The American carceral condition has waged a 200-year-old struggle where the lives of the guilty, the innocent, and the victimized have taken center stage in a debate centered on rehabilitation, reformation, and revenge. The drama has undergone a number of revisions from great scholarly authors, multidisciplinary intellectuals, and literary muses. Despite a number of new renderings, the central themes of the American prison have remained constant, and just as there have been builders of prisons, there have been forces intent on their destruction. The current state of the American carceral condition has burgeoned since the neoliberal political and economic shift ...


The Growth Of Incarceration In The United States: Exploring Causes And Consequences, Jeremy Travis, Bruce Western, F. Stevens Redburn Jan 2014

The Growth Of Incarceration In The United States: Exploring Causes And Consequences, Jeremy Travis, Bruce Western, F. Stevens Redburn

Publications and Research

After decades of stability from the 1920s to the early 1970s, the rate of incarceration in the United States more than quadrupled in the past four decades. The Committee on the Causes and Consequences of High Rates of Incarceration in the United States was established under the auspices of the National Research Council, supported by the National Institute of Justice and the John D. and Catherine T. MacArthur Foundation, to review evidence on the causes and consequences of these high incarceration rates and the implications of this evidence for public policy.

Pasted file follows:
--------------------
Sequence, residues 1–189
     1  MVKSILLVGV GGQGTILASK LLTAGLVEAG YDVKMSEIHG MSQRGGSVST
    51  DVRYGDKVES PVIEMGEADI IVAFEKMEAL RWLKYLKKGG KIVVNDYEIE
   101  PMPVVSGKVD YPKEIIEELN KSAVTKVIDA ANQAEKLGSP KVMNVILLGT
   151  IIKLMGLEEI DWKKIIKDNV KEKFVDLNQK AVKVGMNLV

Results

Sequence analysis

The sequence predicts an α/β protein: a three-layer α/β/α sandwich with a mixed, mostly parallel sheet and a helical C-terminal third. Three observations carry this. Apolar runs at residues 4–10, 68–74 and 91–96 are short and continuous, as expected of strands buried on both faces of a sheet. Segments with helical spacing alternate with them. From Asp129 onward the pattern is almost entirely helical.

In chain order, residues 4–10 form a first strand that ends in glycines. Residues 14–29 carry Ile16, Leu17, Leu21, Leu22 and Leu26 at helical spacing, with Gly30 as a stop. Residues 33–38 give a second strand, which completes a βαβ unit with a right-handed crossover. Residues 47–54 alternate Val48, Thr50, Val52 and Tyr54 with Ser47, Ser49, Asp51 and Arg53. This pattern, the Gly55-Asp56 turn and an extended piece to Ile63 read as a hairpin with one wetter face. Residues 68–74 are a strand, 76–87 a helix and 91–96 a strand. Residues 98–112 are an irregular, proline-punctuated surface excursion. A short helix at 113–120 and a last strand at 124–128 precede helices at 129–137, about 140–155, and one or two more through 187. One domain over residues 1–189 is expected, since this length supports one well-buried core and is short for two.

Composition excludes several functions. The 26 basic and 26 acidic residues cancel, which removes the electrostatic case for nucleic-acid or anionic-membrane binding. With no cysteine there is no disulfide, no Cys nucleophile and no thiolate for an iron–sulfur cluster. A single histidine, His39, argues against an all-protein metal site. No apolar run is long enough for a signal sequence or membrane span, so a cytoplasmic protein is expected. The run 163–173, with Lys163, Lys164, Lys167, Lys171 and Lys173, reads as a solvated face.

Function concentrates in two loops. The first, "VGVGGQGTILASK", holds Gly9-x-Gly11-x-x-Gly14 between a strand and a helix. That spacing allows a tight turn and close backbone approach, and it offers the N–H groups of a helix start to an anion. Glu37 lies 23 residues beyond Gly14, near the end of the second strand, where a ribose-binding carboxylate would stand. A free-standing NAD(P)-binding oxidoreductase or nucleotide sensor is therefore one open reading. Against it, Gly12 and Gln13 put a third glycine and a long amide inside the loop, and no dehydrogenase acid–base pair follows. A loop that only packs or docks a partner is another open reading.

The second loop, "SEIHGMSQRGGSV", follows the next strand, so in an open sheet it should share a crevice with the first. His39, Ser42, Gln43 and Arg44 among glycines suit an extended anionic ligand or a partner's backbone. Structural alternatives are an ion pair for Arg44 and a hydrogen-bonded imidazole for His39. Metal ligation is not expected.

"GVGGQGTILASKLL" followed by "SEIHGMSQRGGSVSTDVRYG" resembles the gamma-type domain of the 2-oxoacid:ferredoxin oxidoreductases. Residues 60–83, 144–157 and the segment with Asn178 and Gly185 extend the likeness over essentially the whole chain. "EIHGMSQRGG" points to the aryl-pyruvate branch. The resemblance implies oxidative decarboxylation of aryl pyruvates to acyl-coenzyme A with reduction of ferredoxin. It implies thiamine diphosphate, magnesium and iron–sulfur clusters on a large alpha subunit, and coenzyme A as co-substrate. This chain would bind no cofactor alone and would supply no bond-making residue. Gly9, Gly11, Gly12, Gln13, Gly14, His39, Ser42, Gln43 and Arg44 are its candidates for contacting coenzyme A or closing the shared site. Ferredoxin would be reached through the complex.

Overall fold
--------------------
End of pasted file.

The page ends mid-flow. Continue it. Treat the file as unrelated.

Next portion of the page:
Our work encompassed research on, and analyses of, the ...


Assessing The Efficacy Of A Modified Therapeutic Community On The Reduction Of Institutional Write-Ups In A Medium Security Prison, Lee Wayne Maglinger, Aaron W. Hughey, Monica Galloway Burke Jul 2013

Assessing The Efficacy Of A Modified Therapeutic Community On The Reduction Of Institutional Write-Ups In A Medium Security Prison, Lee Wayne Maglinger, Aaron W. Hughey, Monica Galloway Burke

Counseling & Student Affairs Faculty Publications

This study explored the impact a modified TC (Therapeutic Community) had on reducing institutional disorder as documented by institutional write-ups. The number of institutional write-ups exhibited by clients participating in a modified TC was compared with the number of write-ups exhibited by inmates in five non-treatment units over a four-year period. ANOVA (analysis of variance) revealed that the number of write-ups exhibited by clients in the TC was significantly lower than the number exhibited by inmates in the other five dorms (F(4, 24) = 5.61, p < 0.002).Further, when examined by category of offense (major/minor), it was found that the write-ups of clients in the TC generally were not as severe as those exhibited by inmates in the general prison population. The implications of these findings for corrections administrators are discussed and specific recommendations are provided.